The first words on the screen were “Presented by R.I. Diculous.” A few more of these “wacky” credits followed confirming my suspicions that I was in for one of those most painful of movie going experiences: the bad movie that tries to be so bad that it’s funny.
Of course, what all the morons out there who desire to parody these kinds of movies fail to grasp is that the movies they’re sending up are already funny and they’re already funny because of how seriously they take themselves. Once you decide to up the ante and have the movie be in on the joke, the chance of utter failure increases exponentially.
It’s possible to succeed in making these sorts of movies, but you need real talent working on the film. Unfortunately, this film’s “talent” consists of Bruno VeSota, Robert Ball, and Frankie Ray.
I have no clue who Robert Ball or Frankie Ray are, but director Bruno VeSota was well known to me. As the guy who played Dave Walker, the fat cuckold from Attack Of The Giant Leeches! And just to make sure you can properly take the measure of this man’s abilities, he also helmed The Brain Eaters!
I don’t know about you, but when I was watching Big Dave Walker being walked all over by his wife, Liz Baby, or when he was forcing Liz Baby and her boyfriend into the swamp full of giant leeches, I never said to myself, “hey, here’s a guy that might be ready to direct!” I will confess that I said out loud, “hey, here’s a guy who would probably look better behind the camera than in front of it,” but I was thinking more along the lines of a guy just watching or maybe holding some power cords or something.
After suffering through Robert Ball and Frankie Ray’s unfunny antics for upwards of seventy minutes, I likewise thought that they could have been much better on extension cord duty, too.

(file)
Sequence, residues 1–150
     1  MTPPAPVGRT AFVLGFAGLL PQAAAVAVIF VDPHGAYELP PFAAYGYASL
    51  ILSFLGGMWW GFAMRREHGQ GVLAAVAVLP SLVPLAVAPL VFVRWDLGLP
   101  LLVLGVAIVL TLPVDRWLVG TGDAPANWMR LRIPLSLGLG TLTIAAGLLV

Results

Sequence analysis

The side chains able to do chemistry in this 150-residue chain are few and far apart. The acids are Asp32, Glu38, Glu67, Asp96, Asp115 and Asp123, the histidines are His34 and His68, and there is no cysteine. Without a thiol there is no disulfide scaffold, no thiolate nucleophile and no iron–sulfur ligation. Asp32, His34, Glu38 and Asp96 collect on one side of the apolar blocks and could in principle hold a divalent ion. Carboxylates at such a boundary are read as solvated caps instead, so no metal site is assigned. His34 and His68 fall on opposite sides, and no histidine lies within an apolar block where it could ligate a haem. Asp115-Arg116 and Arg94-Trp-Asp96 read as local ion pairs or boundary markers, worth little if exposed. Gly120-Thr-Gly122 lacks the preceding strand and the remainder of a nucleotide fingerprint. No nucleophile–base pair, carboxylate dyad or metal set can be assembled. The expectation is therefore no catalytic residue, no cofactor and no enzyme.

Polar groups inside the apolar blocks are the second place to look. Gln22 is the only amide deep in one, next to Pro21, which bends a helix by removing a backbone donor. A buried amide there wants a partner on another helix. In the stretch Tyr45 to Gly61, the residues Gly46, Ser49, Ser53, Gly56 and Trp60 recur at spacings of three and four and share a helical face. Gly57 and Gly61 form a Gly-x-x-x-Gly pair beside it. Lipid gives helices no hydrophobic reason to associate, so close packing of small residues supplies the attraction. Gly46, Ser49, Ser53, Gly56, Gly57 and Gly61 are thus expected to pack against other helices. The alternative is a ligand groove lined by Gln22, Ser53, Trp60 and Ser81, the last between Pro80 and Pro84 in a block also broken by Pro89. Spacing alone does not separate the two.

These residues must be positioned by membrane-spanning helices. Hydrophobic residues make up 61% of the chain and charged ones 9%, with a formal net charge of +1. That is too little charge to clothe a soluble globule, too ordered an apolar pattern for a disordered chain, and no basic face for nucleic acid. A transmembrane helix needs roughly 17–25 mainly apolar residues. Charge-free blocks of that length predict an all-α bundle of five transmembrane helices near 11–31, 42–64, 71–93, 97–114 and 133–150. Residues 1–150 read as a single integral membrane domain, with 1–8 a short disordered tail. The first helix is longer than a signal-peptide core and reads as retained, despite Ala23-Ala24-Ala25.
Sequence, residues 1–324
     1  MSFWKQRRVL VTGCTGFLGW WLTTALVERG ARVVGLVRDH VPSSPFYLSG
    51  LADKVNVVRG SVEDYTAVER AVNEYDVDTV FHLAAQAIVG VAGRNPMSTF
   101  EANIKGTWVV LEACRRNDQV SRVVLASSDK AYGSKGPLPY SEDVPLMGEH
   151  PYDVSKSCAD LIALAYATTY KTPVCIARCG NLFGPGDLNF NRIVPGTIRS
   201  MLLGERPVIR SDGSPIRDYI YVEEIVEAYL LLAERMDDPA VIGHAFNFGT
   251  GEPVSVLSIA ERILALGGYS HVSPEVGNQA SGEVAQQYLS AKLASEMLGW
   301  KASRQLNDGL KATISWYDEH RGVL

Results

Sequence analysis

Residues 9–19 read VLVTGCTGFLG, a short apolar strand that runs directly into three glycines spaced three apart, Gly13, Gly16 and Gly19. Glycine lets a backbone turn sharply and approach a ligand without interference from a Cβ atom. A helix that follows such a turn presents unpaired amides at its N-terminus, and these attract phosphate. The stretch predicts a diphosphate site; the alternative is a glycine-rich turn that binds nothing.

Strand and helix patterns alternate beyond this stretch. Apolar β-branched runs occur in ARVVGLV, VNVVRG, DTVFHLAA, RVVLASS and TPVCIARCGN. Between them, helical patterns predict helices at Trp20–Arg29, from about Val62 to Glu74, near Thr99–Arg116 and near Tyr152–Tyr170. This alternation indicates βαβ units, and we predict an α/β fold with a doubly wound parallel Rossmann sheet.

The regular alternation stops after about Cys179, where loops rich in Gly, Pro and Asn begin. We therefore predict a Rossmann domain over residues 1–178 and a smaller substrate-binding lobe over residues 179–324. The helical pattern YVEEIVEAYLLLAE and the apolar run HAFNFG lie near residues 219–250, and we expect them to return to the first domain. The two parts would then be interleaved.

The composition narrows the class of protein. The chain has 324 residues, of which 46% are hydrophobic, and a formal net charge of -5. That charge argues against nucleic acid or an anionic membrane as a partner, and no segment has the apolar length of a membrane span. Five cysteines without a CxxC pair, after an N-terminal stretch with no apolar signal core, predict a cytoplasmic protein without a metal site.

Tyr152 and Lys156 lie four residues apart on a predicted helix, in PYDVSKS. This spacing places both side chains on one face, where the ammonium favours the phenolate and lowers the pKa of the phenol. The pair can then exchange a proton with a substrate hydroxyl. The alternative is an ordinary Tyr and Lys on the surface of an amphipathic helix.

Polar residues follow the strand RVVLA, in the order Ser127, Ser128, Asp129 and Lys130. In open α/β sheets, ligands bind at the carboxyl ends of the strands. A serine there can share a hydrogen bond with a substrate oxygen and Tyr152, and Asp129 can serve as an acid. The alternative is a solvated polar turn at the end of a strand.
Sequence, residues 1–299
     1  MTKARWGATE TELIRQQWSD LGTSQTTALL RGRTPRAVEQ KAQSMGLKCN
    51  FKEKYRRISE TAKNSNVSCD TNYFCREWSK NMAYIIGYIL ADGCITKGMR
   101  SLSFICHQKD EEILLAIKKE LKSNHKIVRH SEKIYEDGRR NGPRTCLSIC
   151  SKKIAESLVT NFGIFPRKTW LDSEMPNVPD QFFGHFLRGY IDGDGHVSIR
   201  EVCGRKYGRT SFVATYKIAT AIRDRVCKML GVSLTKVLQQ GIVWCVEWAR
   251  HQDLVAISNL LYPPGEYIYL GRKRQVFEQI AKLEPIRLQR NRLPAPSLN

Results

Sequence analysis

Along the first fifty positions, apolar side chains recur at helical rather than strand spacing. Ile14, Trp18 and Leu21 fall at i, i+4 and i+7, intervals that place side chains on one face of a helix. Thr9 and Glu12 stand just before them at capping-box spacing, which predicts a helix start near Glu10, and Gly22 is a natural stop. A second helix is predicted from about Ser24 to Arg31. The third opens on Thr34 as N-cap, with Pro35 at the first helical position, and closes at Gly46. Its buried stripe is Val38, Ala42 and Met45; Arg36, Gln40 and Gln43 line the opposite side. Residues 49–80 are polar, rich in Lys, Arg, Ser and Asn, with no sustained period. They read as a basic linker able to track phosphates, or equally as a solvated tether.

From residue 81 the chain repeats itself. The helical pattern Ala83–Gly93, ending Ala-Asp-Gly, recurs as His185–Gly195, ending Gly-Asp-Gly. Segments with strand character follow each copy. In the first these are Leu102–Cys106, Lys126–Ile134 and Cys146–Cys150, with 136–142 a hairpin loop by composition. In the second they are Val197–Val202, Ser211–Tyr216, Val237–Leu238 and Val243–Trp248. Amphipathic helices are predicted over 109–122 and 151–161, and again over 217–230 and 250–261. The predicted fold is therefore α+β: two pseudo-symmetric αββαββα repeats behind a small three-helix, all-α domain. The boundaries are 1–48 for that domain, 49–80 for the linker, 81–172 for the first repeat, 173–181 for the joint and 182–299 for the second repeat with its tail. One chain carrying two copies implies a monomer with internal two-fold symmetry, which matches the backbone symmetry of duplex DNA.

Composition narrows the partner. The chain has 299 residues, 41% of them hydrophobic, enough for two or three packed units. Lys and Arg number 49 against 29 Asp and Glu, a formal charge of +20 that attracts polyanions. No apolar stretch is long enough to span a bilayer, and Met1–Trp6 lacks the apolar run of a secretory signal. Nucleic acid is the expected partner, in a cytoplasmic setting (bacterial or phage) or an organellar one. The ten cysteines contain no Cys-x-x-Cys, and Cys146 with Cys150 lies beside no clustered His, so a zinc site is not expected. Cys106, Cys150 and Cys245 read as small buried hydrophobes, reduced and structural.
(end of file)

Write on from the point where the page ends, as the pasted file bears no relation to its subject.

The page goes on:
They play a pair of dumb, bumbling army privates who are sent to investigate a cave that’s been revealed by an explosion the army has set off. Inside the cave are some aliens that are bent on arranging an invasion of Earth by their homeworld.
Before we can get to any of that however, we have to endure scene after painful scene on the base that shows us how hilarious our pair and their lives in the army are.
You’ve got them battling a hose. You’ve got one of them stuck in a barrel while a lit cigar is burning his butt. You’ve got their superior officer firing his service weapon during a mission briefing. You’ve got him accidentally setting off a grenade during the same briefing. You’ve got a headache from rolling your eyes as far they will go into the back of your head.
There’s plenty of far superior service comedies out there. Can we move on?
Things aren’t any better though, once they finally get to the cave. There they encounter two big broads dressed in rather unflattering skimpy space suits that allow us to see their less-than-toned stomachs hang over their waistbands while you get an unwelcome glimpse of some doughy butt cheeks whenever they turn around real fast.
These two are in charge of the alien operation and are assisted by the Vegemen. These are plant-like creatures that run around trying to capture Privates Phillbrick and Penn once they make their escape from the cave. These creatures are guys in tights with some kind of sacks on their heads that have straw sticking out of them. At least they didn’t have any flabby flesh exposed.
As if all of this weren’t excruciating enough (lots of really lame jokes from Penn and Phillbrick are tossed around along with lots of second grade level physical comedy), there’s some kind of encounter with a band of Indians that would be horribly offensive if it wasn’t so long and unnecessary to the plot.
Frankly, I’m not about to take a movie to task that’s attempting to be a parody as well as being more than fifty years old for trotting out Native American stereotypes, but I will complain that it just isn’t funny and that it has nothing to do with anything else in the movie. It’s just stupid. There’s no more artful way to put it than that.
In fact, that’s really what this movie boils down to. Pure stupidity. It’s the sort of thing where the ten people who made it probably thought it was a real knee-slapper, but turned out to be the sort of thing you had to be there for and even then, you had to be really dumb or drunk. A landmark in awkward comedy that falls mortifyingly flat.
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